Journal of the Whills

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01 Jul 2018 20:44 #323815 by Streen
Replied by Streen on topic Journal of the Whills
I know how you feel. Yes, wearing robes around all the time is impractical, as you explained. But I've long looked forward to the day when I could go to a ComicCon or similar event. It would give me an excuse to wear the robes. And maybe pass on a little knowledge of the Force without people realizing ;)

"The sage does little,
but leaves nothing undone."
—Lao Tzu
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03 Jul 2018 10:31 - 03 Jul 2018 10:32 #323838 by Streen
Replied by Streen on topic Journal of the Whills
Well I went a step further a couple days ago. I bought the robes. I plan to customize them, making them look a bit more movie-appropriate, as they look brand new. I want mine to look used, like most things in Star Wars ;) I'll be sure to post plenty of pictures :cheer:

I imagine it'll feel much like how I first put on my Jedi robes I sewed when I was about 20 years old, though those were poorly made to be honest. The Guardian robes will be professional, and were surprisingly not extremely expensive (though I know that term is relative).

If anyone else is interested, here is the link to the staff:

Staff

I'd post the link to the costume, but apparently it doesn't currently exist. Not sure why.

"The sage does little,
but leaves nothing undone."
—Lao Tzu
Last edit: 03 Jul 2018 10:32 by Streen.

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05 Jul 2018 17:20 - 05 Jul 2018 17:20 #323899 by Manami
Replied by Manami on topic Journal of the Whills

Streen wrote: Instead of wearing some kind of special robes, I'd rather wander the Earth in regular clothes, "hiding" in plain sight. How does the saying go? "Clothes do not make the man"?


There is an old Rosicrucian teaching which has influenced me a lot, which is the admonition that members were not to be constrained to wear a particular habit (like their contemporary monastic orders or societies, who adopted an identifying uniform). This was for two purposes - to allow the members of the fraternity to do their healing work without drawing attention to themselves, and to subtly protect them from turning their membership in the fraternity into a self-serving badge of pride/belonging rather than a purpose for their work (which such things easily tend to become). So I think it's definitely good to have a sense of why it can beneficial to *not* separate oneself from the general populace by wearing something that attracts attention. But there's also a balance to it. Quite often - at least in my experience - spiritual people may dress to invite outside attention (be it positive or negative) to affirm something to themselves, or else dress as a sort of conscious removal from the "ordinary" person - for example, clergy who wear the collar to remind themselves and signal others that they are always "on duty". Either track can be something very powerful and useful, or become something that traps you in superficiality.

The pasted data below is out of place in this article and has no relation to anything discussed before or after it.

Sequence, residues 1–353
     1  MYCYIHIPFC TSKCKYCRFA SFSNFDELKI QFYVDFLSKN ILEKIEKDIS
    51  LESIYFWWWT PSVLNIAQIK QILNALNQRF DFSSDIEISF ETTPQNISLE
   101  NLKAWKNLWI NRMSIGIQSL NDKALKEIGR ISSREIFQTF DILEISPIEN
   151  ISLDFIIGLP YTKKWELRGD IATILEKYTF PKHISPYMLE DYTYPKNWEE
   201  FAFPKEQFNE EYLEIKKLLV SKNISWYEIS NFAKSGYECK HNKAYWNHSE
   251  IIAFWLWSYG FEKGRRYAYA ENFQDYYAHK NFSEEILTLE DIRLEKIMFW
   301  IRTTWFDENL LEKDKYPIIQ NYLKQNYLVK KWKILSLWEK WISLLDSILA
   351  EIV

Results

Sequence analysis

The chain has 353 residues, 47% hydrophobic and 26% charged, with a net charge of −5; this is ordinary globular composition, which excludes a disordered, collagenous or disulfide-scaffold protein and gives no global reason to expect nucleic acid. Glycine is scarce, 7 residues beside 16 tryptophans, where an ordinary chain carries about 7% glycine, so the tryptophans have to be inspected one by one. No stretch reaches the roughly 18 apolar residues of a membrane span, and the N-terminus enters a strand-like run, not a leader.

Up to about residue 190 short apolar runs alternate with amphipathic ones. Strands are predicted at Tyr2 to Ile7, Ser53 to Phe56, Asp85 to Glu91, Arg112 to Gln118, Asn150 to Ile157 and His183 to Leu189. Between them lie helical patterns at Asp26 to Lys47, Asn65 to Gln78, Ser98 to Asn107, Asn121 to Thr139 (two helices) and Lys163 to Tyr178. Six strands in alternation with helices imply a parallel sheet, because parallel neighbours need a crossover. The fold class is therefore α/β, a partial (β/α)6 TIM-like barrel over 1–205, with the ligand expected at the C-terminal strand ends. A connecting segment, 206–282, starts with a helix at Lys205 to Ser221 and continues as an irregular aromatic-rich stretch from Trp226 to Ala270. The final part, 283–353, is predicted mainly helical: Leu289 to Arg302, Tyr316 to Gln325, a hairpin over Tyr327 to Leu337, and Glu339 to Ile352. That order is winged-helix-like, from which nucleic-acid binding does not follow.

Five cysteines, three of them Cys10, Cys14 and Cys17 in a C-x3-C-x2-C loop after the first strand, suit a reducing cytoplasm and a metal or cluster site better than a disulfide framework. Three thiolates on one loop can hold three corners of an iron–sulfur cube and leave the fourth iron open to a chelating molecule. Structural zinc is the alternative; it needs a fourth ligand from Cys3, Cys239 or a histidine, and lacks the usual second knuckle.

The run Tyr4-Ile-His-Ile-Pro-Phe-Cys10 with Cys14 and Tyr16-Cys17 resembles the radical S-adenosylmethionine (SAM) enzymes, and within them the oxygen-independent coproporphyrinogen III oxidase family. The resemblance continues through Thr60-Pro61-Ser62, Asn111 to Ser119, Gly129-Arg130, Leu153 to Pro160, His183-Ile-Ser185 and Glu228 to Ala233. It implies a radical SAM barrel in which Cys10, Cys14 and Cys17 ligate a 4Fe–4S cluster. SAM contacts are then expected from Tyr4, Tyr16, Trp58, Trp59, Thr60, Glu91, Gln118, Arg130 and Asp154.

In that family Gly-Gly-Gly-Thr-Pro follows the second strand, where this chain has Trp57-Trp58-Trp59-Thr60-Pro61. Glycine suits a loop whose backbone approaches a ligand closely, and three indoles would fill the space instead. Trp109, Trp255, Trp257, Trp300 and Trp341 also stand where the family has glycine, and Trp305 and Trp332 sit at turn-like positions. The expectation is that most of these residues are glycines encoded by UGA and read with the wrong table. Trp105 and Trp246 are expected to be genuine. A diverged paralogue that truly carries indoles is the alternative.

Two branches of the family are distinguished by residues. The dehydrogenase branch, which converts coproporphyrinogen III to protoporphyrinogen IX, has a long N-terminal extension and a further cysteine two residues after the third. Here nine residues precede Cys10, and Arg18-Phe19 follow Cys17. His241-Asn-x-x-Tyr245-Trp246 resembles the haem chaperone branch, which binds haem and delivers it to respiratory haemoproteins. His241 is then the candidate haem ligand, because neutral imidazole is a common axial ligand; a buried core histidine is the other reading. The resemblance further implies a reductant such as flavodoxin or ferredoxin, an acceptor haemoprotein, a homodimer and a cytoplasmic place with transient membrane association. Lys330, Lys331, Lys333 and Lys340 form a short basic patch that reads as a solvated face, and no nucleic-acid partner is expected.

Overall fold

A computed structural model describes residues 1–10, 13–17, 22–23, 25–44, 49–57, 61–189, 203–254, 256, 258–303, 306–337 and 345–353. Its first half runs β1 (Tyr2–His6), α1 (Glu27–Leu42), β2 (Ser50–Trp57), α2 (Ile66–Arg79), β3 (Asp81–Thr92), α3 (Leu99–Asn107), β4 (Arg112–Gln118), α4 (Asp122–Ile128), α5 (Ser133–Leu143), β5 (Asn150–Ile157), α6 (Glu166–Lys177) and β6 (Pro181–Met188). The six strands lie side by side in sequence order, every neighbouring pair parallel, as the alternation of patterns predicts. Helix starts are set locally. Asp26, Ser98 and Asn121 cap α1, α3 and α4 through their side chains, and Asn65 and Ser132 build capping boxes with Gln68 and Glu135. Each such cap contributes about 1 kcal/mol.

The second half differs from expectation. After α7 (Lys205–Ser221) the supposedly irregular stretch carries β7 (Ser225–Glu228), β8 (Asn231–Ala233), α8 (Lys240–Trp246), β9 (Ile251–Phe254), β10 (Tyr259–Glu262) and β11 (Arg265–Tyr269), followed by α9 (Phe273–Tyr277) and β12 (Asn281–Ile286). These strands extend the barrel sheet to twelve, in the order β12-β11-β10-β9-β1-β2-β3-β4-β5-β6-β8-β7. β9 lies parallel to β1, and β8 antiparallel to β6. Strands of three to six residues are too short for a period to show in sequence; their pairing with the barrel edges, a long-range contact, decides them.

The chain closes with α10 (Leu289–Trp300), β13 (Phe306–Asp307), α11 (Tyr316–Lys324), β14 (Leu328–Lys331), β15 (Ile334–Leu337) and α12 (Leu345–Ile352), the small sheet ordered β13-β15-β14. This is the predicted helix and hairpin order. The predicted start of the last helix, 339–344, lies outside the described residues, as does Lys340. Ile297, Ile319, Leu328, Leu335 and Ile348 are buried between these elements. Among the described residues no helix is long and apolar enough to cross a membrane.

Personally, I go for the middle road - when possible, I try to reflect a timeless aesthetic that helps remind me in the hectic day-to-day that I've chosen to live intentionally and without "following the herd", so to speak, but doesn't invite questions. It is, for me, a conscious rejection of the "fashion" mentality that tries to make us be too concerned with what others think of us based on our physical appearance, or buy new wardrobes based on what is "in" that year. That mindset does so much harm, to the people whose labor is treated as disposable, the environment which has to supply the demand, and those who will do extreme things to themselves to be able to participate. Conscious dressing - having fewer items of clothing that are treated as meaningful and part of your entire spiritual expression - can be a vital way of resisting that. I do like to recycle fabrics or clothing items into new creations when possible, but it's also nice to have something that is really precious, specific for the spiritual work you do, and stays with you for a long time, even if no one ever sees them or you only break them out for special events. I live in my "training clothes" these days when I'm not required to wear work-specific things. It saves a lot of wear on my business clothes, and helps encourage me to do small sets of training throughout the day or evening.

Even before I was going for a specific look (however subtle), I would really pay attention to what I wore in public for self-defense reasons - can I move in it? Run? Does it bind anywhere? Distract me with needing to fuss with it? Weapon-friendly, if needed? Purse- can it be used as a weapon? That has pretty much reduced my wardrobe to a specific look these days.

I look forward to seeing the pictures - Imwe's robes are some of my favorites ones.

"Luminous beings are we, not this crude matter."
Last edit: 05 Jul 2018 17:20 by Manami.

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